Hiking mattters #136: A traverse dayhike of Mt. Tampurong in Mt. Apo Natural Park

A peak within Mt. Apo’s realm, just like Mt. Talomo, is Mt. Tampurong in Digos, Davao del Sur. Compared to Apo and Talomo, its elevation of 1695 MASL pales, and yet it is prominent in its own right, a distinct mountain, visible from as far as Mt. Kalatungan in Bukidnon, where it seen as a peak that interrupts that straight line that is the plateau of Kapatagan.

Although it has all the hallmarks of a hiking destination, it is unsurprising that it has been easily eclipsed by Mt. Apo, under whose shadow it literally stands. Nonetheless, Mt. Tampurong is known to mountaineers in Southern Mindanao, and has invariably figured as a training climb of some hiking clubs from Davao. Still, Mt. Tampurong is rarely climbed; I only heard of it from Iron Lady Jo Steven when we were in Talomo, during which we imagined Apo, Talomo, and Tampurong as a trilogy akin to Banahaw, Banahaw de Lucban and Cristobal.
Fortunately, this time around I finally got to do the little-known Mt. Tampurong, and the bonus was I managed to traverse it from Brgy. Matti to the famous Brgy. Kapatagan, in Digos City. One day later, the Iron Lady, fresh from her whirlwind Mt. Apo Traverse that only took 12 hours of trekking time, would follow my footsteps and do the same thing. I was accompanied by Dondon, a Mt. Apo hiking guide based in Digos, and Junjun, a local of Brgy. Matti who offered to guide me. Jaime Aldeguer, who organized the 2nd Mt. Apo Sembreak Climb with me, accompanied me to the jumpoff and helped make the arrangements for my climb.
Now Brgy. Matti is one barangay away from Brgy Kapatagan, sharing the same highroad but it is closer to Digos. When I arrived there, there was a great view of Mt. Apo, Mt. Talomo, and Mt. Tampurong – lined up in what would truly be a trilogy. I was pleased to see that Mt. Tampurong is really a distinct mountain, and not a mere subpeak. I started trekking at around 0806H.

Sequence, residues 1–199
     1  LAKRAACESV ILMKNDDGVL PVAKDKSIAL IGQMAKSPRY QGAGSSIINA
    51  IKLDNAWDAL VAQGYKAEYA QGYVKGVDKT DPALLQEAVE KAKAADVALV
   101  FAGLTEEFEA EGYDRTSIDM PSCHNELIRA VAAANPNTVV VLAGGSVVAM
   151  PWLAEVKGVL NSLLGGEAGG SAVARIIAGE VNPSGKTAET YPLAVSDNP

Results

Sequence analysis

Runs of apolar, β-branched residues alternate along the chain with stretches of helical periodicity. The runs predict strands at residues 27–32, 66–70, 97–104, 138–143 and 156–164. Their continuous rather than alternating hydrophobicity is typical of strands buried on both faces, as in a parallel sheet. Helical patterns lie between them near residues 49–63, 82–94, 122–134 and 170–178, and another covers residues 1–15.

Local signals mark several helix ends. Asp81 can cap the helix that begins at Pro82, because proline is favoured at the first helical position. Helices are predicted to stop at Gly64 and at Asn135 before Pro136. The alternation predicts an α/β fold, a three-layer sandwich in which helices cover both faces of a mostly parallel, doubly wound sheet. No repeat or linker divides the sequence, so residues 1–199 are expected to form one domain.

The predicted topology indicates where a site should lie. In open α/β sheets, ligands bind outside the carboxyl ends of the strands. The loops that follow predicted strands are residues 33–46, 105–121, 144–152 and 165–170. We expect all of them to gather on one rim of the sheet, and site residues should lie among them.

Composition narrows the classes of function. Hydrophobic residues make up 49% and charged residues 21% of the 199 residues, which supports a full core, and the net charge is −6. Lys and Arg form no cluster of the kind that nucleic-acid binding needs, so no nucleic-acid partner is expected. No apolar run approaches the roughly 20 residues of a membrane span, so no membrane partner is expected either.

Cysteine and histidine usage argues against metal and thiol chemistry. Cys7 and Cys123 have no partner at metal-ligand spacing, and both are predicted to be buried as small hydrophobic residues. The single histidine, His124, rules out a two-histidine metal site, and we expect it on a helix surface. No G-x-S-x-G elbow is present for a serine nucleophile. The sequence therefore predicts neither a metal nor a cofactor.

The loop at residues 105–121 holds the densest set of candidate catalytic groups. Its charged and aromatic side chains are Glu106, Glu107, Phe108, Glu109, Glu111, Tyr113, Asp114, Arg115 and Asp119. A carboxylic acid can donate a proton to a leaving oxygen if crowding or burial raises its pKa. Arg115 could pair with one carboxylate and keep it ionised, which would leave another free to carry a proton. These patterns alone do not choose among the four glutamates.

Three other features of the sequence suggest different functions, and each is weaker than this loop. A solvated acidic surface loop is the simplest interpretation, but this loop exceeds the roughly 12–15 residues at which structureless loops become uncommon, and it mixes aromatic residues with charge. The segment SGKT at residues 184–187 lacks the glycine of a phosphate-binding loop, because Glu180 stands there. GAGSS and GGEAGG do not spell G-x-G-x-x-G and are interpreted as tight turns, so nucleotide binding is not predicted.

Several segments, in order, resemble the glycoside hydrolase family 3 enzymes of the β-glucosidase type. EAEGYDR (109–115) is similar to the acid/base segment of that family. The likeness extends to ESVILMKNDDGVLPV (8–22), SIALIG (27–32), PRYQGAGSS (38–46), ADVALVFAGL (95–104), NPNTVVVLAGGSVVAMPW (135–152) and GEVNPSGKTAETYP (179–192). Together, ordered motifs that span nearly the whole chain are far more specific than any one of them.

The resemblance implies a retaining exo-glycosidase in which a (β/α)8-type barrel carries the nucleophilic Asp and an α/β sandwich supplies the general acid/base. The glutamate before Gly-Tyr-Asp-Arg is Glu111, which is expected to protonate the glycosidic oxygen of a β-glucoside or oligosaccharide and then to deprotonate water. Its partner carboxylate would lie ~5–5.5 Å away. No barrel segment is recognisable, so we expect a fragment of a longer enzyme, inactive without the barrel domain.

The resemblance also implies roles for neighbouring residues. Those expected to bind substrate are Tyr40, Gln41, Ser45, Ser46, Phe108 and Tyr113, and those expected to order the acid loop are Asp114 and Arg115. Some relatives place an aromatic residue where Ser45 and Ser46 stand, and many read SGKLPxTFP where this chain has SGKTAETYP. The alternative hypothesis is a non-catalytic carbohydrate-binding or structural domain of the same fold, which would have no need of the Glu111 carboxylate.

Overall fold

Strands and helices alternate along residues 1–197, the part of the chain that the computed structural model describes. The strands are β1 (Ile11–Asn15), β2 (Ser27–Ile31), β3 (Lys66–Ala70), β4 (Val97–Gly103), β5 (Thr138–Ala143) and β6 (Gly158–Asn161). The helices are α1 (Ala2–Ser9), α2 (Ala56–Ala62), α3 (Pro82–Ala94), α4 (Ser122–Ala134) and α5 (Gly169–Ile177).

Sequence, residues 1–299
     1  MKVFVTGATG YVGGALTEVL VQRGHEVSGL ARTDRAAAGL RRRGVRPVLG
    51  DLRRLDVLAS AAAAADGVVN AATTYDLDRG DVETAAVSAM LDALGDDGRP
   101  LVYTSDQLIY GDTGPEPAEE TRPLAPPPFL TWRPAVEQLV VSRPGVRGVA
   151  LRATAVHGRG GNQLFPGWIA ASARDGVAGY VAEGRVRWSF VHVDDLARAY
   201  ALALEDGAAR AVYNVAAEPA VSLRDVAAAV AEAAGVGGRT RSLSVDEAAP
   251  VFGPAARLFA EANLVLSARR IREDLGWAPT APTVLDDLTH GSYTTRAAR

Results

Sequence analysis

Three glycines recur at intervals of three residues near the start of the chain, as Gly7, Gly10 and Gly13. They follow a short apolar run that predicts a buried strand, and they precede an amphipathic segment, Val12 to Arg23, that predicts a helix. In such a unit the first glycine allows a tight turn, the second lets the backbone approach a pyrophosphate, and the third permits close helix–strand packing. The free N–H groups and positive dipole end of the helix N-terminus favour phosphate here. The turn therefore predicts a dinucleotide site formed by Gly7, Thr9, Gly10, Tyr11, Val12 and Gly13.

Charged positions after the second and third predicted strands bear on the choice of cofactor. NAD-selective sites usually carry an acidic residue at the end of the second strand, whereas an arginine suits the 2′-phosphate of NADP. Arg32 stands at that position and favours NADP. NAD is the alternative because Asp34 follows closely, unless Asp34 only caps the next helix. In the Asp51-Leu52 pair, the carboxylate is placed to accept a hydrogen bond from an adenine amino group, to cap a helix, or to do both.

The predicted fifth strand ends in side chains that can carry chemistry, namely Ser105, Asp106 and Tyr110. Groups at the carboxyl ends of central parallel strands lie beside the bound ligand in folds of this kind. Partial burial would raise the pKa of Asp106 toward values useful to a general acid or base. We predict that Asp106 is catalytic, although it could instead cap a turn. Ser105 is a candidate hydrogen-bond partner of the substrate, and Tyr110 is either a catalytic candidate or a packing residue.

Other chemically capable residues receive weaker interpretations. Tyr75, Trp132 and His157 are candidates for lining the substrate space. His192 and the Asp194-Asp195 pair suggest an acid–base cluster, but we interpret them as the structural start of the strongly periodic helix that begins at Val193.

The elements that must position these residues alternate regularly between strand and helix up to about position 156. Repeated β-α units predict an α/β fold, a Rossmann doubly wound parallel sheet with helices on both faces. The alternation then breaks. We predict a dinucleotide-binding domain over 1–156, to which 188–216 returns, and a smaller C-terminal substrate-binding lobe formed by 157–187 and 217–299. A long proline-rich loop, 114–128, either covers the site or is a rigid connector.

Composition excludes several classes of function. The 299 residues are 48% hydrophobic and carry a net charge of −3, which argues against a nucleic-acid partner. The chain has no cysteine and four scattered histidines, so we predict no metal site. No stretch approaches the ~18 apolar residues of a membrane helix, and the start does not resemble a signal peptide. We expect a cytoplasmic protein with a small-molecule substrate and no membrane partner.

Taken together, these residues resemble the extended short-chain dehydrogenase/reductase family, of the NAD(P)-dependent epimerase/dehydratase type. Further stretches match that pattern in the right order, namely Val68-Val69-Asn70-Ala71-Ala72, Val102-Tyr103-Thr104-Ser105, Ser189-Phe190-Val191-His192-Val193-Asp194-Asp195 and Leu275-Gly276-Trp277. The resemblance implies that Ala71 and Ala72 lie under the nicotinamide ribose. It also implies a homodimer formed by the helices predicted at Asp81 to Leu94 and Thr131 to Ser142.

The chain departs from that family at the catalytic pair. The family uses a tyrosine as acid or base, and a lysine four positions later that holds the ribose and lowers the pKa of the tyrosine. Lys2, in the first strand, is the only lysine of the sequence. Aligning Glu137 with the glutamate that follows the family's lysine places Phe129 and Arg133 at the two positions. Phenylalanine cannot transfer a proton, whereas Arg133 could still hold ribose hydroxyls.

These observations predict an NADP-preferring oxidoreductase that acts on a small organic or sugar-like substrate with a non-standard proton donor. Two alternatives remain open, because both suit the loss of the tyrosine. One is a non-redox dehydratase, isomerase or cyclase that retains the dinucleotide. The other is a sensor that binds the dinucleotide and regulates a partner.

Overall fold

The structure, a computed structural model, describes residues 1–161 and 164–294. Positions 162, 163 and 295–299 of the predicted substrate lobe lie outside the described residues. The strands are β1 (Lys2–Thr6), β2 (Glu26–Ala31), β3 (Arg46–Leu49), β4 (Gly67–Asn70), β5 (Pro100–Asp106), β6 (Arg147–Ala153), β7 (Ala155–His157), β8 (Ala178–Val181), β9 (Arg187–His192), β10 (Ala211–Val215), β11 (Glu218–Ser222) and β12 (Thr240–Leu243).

We passed by some local trails where agricultural activities are conducted – such as the preparation of kaong, the planting and harvesting of crops, among others. Some streams would also be crossed, including one that has a nice hanging bridge. Overall it was like a Mt. Talamitam or Mt. Cinco Picos-like open trail that culminates in a purok (hamlet) that is also called Tampurong.
Beyond the hamlet, a forest ensues and it is reminiscent of Cristobal’s far side -replete with noxious and thorny plants; with trails that are barely trails, steep and overgrown. Yet it does not last long; at some point, a “main trail” within the forest is stumbled upon, and from there it is an easy way up the summit. There is nothing much at the summit, save for some nice trees, mosses, and orchids; it is flat but being part of the forest, view-less. Nonetheless, it was nice to be there and see for myself what it was like. Arriving at 1138H, it took me 3 hours and 32 minutes to reach the summit from Brgy. Matti.
The adventure went on with the traverse to Brgy. Kapatagan; again we had to exit the “main trail” within the forest, and to do that entailed passing by more of, to evoke Maktrav, the “wild boar” trails – the allusion here is real for there are really wild boars, still, in Mt. Tampurong. Until now, I can feel the stabbing pain of the lipa in my skin. But thankfully the rattan thorns did not get my ears or something really nasty.
Once beyond the forest, however, the trail is easy – and there is a view too; on a clear day Apo will be right in front of you, and beneath it, the plateau of Kapatagan. It is a vast plain, almost town upon itself. Towards the right side you can see the road from Digos cutting across the highland slopes.
Finally, banana plantations – the guide says they belong to Dizon Farms – would herald the way to Brgy. Kapatagan. Soon houses begin to emerge and finally, the main road where you can get a habal-habal to take you down to Digos. at 1443H I was there – thus, a three-hour descent from the summit.
As I said, the next day Iron Lady Jo Steven performed the Tampurong traverse with the same guides. We agree that it is like a Maktrav, though a bit easier; a Cristobal though a bit harder – recommended for people looking for a dayhike from Davao, but find Mt. Puting Bato a bit too easy. It is also recommended for people who wish to do a sidetrip when climbing Mt. Apo. All in all, it was a nice and refreshing dayhike that caps the end of my first Mindanao hiking trip of the year.

Facebook Comments

Leave a Reply

Be the First to Comment!